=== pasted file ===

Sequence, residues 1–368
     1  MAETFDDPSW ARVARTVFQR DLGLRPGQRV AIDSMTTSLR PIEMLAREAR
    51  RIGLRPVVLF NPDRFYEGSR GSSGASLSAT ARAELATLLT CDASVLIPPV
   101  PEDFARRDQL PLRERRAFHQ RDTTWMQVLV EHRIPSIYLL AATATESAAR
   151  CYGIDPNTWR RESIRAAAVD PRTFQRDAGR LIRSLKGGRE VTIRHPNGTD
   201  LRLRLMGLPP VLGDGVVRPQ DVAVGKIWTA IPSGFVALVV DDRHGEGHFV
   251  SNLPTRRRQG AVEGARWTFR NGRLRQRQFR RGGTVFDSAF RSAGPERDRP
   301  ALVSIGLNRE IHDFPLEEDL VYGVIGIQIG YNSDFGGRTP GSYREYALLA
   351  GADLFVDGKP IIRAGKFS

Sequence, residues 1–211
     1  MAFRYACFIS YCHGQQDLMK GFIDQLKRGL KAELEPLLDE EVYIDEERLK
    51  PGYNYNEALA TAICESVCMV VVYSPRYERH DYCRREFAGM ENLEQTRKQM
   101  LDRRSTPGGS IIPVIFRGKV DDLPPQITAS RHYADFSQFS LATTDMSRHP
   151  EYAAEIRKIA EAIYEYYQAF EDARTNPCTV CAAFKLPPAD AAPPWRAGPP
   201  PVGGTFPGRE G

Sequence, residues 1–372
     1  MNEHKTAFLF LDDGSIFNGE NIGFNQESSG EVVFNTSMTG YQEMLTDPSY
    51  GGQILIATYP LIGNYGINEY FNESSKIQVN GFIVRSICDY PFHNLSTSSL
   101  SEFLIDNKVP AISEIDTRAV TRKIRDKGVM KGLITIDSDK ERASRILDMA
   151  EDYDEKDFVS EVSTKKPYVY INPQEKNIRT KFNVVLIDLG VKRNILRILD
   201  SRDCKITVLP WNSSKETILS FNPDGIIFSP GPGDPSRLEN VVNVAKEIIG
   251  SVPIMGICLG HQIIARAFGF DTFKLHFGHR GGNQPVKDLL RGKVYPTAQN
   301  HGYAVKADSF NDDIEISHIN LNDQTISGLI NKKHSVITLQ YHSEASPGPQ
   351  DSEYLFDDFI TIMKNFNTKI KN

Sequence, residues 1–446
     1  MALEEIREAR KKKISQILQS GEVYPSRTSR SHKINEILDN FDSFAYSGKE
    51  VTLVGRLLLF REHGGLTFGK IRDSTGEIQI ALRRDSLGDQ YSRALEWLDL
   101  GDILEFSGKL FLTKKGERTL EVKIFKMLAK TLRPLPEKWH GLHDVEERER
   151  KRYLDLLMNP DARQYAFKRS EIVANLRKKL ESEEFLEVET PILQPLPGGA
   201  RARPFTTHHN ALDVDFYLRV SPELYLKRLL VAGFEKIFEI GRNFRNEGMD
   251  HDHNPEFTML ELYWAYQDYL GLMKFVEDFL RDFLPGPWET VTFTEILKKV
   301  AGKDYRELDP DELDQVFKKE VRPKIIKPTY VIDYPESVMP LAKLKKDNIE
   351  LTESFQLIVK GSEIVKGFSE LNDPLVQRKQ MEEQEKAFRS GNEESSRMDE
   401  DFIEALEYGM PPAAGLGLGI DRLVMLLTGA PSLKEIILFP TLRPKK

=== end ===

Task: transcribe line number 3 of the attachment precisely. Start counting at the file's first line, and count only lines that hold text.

    51  RIGLRPVVLF NPDRFYEGSR GSSGASLSAT ARAELATLLT CDASVLIPPV